**Show that the following relations are Partial order relations. (a) R on the set of integers Z, defined by, R = {(a, b) | a ≤ b} (b) R on the set of integers Z, defined by, R = {(a, b) | a ≥ b} (c) R on the set of positive integers N, defined by, R = {(a, b) | a divides b} [Note: It is divisibility relation] (d) R on the Power set of a set S, defined by, R = {(A, B) | A is a subset of B} [Note: It is set inclusion relation]**

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Let us show that the following relations are partial order relations.

(a) $R$ on the set of integers $\Z$ , defined by, $R = \{(a, b) | a ≤ b\}.$

Since $a\le a$ for any $a\in\Z,$ we conclude that $(a, a)\in R$ for any $a\in\Z,$ and hence the relation $R$ is reflexive. If $(a,b)\in R$ and $(b,a)\in R,$ then $a\le b$ and $b\le a$, and hence $a=b.$ It follows that $R$ is an antisymmetric relation. If $(a,b)\in R$ and $(b,c)\in R,$ then $a\le b$ and $b\le c$, and thus $a\le c.$ Therefore, $R$ is a transitive relation. We conclude that $R$ is a partial order relation.

(b) $R$ on the set of integers $\Z$ , defined by, $R = \{(a, b) | a ≥ b\}.$

Since $a\ge a$ for any $a\in\Z,$ we conclude that $(a, a)\in R$ for any $a\in\Z,$ and hence the relation $R$ is reflexive. If $(a,b)\in R$ and $(b,a)\in R,$ then $a\ge b$ and $b\ge a$, and hence $a=b.$ It follows that $R$ is an antisymmetric relation. If $(a,b)\in R$ and $(b,c)\in R,$ then $a\ge b$ and $b\ge c$, and thus $a\ge c.$ Therefore, $R$ is a transitive relation. We conclude that $R$ is a partial order relation.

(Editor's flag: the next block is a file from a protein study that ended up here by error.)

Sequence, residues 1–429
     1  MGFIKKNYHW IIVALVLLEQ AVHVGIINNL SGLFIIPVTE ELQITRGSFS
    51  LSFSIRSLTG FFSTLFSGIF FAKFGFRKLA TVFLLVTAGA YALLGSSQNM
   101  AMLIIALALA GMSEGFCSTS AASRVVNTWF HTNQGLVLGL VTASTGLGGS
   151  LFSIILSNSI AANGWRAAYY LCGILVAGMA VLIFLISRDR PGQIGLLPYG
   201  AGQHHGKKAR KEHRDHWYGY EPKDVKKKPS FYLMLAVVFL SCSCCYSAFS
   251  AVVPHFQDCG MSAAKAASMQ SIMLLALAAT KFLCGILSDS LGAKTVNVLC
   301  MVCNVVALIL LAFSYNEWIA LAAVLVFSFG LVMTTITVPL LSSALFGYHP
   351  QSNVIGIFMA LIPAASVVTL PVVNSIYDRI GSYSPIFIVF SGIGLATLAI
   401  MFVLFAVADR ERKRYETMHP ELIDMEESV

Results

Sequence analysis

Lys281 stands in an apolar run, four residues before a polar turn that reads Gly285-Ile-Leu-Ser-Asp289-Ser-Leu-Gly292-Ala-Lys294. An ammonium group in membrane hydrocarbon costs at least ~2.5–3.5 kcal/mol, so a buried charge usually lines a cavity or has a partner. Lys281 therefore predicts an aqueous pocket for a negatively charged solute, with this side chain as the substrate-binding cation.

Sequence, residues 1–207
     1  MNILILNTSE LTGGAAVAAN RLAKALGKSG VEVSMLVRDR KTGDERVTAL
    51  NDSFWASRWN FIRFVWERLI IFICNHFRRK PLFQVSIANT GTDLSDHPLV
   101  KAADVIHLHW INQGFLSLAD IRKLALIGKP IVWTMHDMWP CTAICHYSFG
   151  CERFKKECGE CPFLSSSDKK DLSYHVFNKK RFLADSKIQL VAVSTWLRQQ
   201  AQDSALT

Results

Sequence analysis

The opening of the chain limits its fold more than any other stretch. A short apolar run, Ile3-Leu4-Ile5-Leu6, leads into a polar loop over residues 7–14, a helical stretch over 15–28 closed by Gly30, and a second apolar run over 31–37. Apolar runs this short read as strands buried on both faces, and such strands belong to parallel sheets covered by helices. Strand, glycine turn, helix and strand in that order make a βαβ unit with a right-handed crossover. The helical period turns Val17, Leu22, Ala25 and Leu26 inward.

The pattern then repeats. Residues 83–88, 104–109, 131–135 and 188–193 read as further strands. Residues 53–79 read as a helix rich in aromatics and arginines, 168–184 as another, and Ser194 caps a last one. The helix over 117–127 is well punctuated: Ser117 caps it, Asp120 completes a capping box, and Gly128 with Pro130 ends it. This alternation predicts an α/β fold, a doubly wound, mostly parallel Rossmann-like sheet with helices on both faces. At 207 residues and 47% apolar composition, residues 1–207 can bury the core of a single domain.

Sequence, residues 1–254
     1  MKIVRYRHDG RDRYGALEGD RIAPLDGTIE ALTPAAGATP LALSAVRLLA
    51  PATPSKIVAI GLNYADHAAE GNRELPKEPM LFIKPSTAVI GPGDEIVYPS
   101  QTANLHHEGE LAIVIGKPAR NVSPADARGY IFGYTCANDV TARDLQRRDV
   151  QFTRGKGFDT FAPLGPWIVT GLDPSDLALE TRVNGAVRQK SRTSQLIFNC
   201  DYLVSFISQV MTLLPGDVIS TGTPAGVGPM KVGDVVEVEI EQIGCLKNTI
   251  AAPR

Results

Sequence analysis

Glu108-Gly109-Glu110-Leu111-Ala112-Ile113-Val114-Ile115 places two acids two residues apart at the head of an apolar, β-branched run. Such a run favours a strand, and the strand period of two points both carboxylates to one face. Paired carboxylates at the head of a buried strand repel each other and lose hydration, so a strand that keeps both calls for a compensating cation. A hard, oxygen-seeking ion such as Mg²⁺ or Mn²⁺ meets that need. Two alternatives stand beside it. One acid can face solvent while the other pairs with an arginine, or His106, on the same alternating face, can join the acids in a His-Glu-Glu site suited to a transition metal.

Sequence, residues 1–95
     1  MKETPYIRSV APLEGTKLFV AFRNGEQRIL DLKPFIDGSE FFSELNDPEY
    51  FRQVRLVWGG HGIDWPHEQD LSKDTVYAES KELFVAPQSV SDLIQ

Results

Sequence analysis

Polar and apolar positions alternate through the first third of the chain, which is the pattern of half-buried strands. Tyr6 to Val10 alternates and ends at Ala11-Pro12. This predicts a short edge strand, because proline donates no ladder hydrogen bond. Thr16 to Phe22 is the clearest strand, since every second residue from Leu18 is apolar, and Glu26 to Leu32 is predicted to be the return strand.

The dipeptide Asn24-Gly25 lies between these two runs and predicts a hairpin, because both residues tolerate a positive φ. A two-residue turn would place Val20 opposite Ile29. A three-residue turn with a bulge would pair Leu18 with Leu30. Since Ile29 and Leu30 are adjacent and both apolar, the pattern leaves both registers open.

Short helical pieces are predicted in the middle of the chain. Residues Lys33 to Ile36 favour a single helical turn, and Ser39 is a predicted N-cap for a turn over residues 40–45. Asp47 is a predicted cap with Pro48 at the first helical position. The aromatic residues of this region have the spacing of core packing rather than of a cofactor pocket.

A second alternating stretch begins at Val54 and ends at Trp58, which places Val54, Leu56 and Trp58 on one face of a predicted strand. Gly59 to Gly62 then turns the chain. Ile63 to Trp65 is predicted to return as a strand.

(c) $R$ on the set of positive integers $\N$, defined by, $R = \{(a, b) | a \text{ divides }b\}.$

Since $a| a$ for any $a\in\N,$ we conclude that $(a, a)\in R$ for any $a\in\N,$ and hence the relation $R$ is reflexive. If $(a,b)\in R$ and $(b,a)\in R,$ then $a| b$ and $b| a$. Therefore, $a\le b$ and $b\le a$, and hence $a=b.$ It follows that $R$ is an antisymmetric relation. If $(a,b)\in R$ and $(b,c)\in R,$ then $a| b$ and $b| c$, and thus $a| c.$ Therefore, $R$ is a transitive relation. We conclude that $R$ is a partial order relation.

(d) $R$ on the Power set of a set $S$, defined by, $R = \{(A, B) | A \text{ is a subset of } B\}.$

Since $A\subset A$ for any $A\subset S$ we conclude that $(A, A)\in R$ for any $A\subset S,$ and hence the relation $R$ is reflexive. If $(A,B)\in R$ and $(B,A)\in R,$ then $A\subset B$ and $B\subset A$, and hence $A=B.$ It follows that $R$ is an antisymmetric relation. If $(A,B)\in R$ and $(B,C)\in R,$ then $A\subset B$ and $B\subset C$, and thus $A\subset C.$ Therefore, $R$ is a transitive relation. We conclude that $R$ is